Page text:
Poor water governance results very often in overallocation and degradation of water resources. It can increase the water vulnerability of poor people and lead to weaker livelihoods. This can also impact the wider economic growth. Good water governance is an effective water management implementation through transparent, consistent and cost efficient policies. Building reform strategies around water governance ensures that policy changes are coordinated and internally consistent, catalysing thereby the progress on safe water supply and sanitation, IWRM implementation and transition to sustainable water management.  

IUCN Global Water Programme is actively supporting water governance reforms, needed for equitable water resources development that integrates ecosystem services and drives the IWRM implementation. At community, basin, national and transboundary levels, multi-stakeholder platforms empower participants to agree on rights, roles and responsibilities and to negotiate effective water policies, laws and institutions.


Central America

In El Salvador, micro-watershed councils negotiated management plans that resulted in coordination of local priorities for social and economic development with watershed management for the first time. This was made possible by giving legal status to watershed committees that in turn enabled management of projects and mobilised funding. The creation of the Cara Sucia - San Pedro Basin Association provided the interested actors of this watershed with a coordination mechanism to meet and make water management decisions. 

In San Marcos (Guatemala), government agencies and non-governmental organizations connected by the theme of natural resources management joined forces to develop an inter-institutional coordination entity (CORNASAM). The main purpose was to establish a framework for utilising micro-watersheds as the unit for planning and common action. Water resources management and disaster planning are now integrated through joint plans and projects that span the jurisdiction of the three watershed member commissions.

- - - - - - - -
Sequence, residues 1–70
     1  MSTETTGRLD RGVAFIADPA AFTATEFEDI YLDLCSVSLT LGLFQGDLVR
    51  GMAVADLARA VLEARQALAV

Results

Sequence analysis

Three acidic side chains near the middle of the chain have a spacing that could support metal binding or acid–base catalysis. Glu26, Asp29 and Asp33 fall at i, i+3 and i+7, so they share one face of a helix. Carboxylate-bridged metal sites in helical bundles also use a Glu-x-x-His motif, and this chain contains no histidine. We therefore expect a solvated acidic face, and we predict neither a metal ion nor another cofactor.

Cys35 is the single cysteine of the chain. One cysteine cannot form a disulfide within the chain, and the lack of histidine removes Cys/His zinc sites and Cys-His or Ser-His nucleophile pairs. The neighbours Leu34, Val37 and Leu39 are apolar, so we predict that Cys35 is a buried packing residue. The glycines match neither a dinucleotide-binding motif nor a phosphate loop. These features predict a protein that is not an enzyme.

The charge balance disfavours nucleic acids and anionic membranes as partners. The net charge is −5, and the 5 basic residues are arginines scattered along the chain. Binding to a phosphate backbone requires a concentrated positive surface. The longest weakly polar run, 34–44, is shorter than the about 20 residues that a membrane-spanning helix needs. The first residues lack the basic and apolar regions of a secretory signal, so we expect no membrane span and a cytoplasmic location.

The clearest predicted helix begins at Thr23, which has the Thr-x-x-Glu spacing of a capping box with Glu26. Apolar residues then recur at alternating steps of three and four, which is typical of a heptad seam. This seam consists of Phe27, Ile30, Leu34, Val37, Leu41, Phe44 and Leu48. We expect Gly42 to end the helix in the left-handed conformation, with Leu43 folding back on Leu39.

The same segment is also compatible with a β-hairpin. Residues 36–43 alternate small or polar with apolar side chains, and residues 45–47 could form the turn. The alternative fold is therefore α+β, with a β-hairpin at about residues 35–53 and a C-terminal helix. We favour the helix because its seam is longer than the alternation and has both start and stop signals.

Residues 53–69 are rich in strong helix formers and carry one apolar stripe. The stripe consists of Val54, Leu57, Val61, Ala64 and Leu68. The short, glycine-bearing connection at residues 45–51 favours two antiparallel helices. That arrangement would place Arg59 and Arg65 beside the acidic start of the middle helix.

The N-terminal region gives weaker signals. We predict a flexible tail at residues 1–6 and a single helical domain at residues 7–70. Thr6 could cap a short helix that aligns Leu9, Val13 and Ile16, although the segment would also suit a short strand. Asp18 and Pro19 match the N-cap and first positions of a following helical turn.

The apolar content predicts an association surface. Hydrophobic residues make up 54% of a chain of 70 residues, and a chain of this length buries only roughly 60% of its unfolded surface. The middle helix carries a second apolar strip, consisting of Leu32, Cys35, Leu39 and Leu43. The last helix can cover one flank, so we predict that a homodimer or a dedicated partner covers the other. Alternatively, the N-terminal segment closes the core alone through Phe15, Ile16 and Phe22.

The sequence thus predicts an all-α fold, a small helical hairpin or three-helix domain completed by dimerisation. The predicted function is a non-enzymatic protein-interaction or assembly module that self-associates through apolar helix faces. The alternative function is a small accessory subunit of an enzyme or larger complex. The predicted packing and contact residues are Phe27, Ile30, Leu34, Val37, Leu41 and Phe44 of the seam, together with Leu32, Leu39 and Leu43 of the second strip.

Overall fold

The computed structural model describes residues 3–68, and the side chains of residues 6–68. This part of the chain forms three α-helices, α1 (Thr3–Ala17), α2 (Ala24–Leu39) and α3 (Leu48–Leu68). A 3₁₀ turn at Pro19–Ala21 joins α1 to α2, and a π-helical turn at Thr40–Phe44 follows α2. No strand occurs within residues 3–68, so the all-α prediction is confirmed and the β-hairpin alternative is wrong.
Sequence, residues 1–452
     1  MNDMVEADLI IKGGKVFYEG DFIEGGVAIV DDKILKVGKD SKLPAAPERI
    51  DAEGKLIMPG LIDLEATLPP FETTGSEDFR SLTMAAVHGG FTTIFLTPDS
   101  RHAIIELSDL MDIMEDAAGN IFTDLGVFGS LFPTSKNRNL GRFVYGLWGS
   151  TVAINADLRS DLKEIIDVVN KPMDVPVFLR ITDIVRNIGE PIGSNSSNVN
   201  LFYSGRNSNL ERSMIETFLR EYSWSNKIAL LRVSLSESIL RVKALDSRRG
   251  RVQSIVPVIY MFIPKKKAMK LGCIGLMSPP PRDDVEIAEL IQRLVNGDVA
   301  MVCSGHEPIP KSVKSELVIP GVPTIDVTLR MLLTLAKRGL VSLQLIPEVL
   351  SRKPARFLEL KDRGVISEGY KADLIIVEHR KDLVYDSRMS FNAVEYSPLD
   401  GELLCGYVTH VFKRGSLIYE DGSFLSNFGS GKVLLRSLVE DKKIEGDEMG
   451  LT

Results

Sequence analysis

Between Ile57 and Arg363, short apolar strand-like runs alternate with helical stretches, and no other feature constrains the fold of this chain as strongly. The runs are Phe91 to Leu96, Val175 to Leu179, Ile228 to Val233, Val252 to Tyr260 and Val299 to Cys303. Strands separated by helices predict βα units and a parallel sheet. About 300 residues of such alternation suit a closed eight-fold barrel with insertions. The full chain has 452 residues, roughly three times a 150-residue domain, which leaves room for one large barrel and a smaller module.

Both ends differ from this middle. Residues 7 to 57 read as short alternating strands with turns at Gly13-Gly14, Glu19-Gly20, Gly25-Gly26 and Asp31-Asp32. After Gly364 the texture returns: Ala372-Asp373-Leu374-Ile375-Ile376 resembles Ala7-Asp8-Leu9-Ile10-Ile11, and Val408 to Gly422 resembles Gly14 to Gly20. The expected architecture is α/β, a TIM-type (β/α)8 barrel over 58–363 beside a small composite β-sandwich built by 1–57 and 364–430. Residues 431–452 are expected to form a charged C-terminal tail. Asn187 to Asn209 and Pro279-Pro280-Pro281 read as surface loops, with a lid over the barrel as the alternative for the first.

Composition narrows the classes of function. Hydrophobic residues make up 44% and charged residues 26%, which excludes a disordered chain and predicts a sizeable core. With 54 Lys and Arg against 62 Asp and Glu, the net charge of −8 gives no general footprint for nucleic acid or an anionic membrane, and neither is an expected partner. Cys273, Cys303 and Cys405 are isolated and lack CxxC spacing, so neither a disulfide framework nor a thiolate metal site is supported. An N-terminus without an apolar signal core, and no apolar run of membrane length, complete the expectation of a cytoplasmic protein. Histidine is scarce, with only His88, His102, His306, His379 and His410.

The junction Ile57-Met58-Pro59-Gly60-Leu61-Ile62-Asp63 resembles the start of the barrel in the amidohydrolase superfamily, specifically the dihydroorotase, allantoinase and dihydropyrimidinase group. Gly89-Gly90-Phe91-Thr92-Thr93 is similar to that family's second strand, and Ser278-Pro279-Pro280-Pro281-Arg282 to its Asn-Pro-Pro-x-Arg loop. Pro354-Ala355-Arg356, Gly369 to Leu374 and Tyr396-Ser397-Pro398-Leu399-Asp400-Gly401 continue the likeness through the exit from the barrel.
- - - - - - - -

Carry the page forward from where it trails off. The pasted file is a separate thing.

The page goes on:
East and Southern Africa

In Botswana, the Okavango Delta Management Plan used stakeholder participation to build consensus among groups who would otherwise compete for the control of the Delta’s resources. Widespread ownership by stakeholders led to the adoption of the management plan into national economic planning and created a precedent for the entire Okavango River. Stakeholder groups at the district level could identify themselves with the management plan for the Delta ownership to the appointment of community focal persons for local representation. 

In the Pangani Basin (Tanzania), conflict has been resolved as pastoralists and farmers were helped in negotiating access to water for their cattle. Water Users Associations at upstream and downstream sites were formed alongside apex associations that were already bringing stakeholders together. Additionally, IUCN supported formation and operationalisation of the Lake Tanganyika Management Authority amongst Burundi, DR Congo, Tanzania, and Zambia.

South-East Asia

In the Mekong River Basin national dialogues were convened to help building multi-stakeholder participation in water decisions. Civil society, governments, the Mekong River Commission and multi-lateral development banks joined to review strategies for hydropower and water resources development. The process built understanding of rights and responsibilities and increased stakeholder consultation.

West Africa

In the Volta River Basin, new, multi-stakeholder institutions formed to coordinate transboundary IWRM at sub-basin, national and basin-wide scales. At the community level, participation and inclusion of marginalised groups such as women and migrant farmers were instrumental to sharing prioritisation of problems and immediate needs such as the lack of potable water with local government administrations.

Transboundary community forums led to resolution of local water conflicts across the Ghana-Burkina Faso border and resulted in the negotiation of a transboundary Code of Conduct. The Global Water Programme, supported the agreement, made by six Volta-basin states and resulted in a Water Charter, that guides the newly-formed Volta Basin Authority. These principles were applied in the Komadugu Yobe River (Nigeria) in the Lake Chad Basin, where a Water Charter was negotiated among water users.  

Water policies and laws should enable transparent definition of rights, roles and responsibilities, including sufficient allocation of water to sustain healthy ecosystems. Multi-stakeholder platforms help to build consensus and to coordinate water resources development and ecosystem management, encouraging benefit sharing at local, basin, national and transboundary levels.